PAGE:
Everything that is copied into here from now on will be replicated up to the “CasperShare-Box” folder in Box without any manual action on your part. Box Sync takes care of all of it for you. Since the share is still mountable via AFP/SMB you can continue to use Casper Admin for managing your packages and they will upload after you load them into the master.
If you’re replicating an existing Casper Share it may take some time for everything to copy. In my test, I setup a ~215 GB replica of an existing Casper share and it took about a day and half to fully upload via Box Sync.
Setting Up the JSS Distribution Point Settings
Now you need to enter all the information for the Box.com share into your JSS. Login, go to “Settings”, “Management Framework”, “Servers” and click the “Add Server” button. There isn’t much you need to enter in order for the distribution point to work. In the “General” tab enter:
Display Name: CasperShare Box (or whatever you put in)
DNS Name or IP Address: dav.box.com
We’re done in the “General” tab now. Skip the “File Sharing” tab because there’s nothing we’re going to enter into there. Click on the “HTTP” tab. Now we’ll need to enter a lot more in here. All of this only works because Box supports WebDAV which allows us to pass URLs that the JSS will understand.
Check the box for “HTTP Downloads are enabled for this Distribution Point” and then set the following:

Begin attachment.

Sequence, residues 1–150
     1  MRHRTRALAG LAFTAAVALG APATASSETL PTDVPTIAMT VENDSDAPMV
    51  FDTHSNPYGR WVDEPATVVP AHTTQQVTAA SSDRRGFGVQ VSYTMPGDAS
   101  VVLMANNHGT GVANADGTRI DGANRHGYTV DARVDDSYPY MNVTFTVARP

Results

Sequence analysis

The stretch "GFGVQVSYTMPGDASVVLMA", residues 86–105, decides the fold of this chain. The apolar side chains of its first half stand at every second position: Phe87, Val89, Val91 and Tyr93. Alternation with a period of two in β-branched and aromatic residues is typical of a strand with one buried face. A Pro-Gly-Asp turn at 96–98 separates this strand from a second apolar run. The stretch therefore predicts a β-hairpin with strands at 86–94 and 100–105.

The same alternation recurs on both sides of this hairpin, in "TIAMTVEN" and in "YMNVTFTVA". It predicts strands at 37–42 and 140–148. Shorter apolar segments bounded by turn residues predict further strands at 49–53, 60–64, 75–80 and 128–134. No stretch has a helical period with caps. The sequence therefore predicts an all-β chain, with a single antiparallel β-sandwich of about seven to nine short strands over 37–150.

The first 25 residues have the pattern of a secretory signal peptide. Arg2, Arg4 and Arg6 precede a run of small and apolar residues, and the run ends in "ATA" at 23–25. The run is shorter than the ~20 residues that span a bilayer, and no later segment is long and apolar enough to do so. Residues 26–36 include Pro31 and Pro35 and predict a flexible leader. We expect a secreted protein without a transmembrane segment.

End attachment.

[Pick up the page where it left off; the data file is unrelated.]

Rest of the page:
Context: dav/CasperShare-Box (enter what your name after “dav/”)
Now select the radio button for “Username & Password Authentication is Required” and enter in:
Verify Password: YourPassword
(Note: if you didn’t do a security setup as described above, any user account with “Viewer” access to the folder can be entered for the authentication credentials)
And that’s all. You’ve created a Box.com Casper Share and set it up in your JSS. If you’ve setup a test JSS instance, you can try this out by creating a “Network Segment” that starts with 126.96.36.199 and ends with 255.255.255.255 and assign the Box.com Casper Share to it. Then manage a test Mac (or better yet, a test Mac VM) and create a Self Service policy to run on it.
In my case, the first package installed via a Box.com Casper Share was Google Chrome.
Now, there are some limitations with using Box.com. If you’re an Enterprise account, you’re all set. You have unlimited storage and the file size limit is 5 GB. If you’re a Business account you have a 1 TB limit overall, but each file caps at 2 GB size limit. If you’re using a Personal account… well, no Box Sync, but it’ll work, but why?
Also, this workflow is dependent upon the built in WebDAV support. Should Box ever remove it, then the Casper shares setup this way will not longer work. Always have a backup plan.
If you setup your own Box shares, let me know how it turns out for you. Did you encounter any problems? While testing it, what were your impressions of the reliability? File transfer speeds? Feel free to share this content anywhere you wish (might I suggest JAMF Nation?) and feel free to contact me if you figure out ways of improving upon this.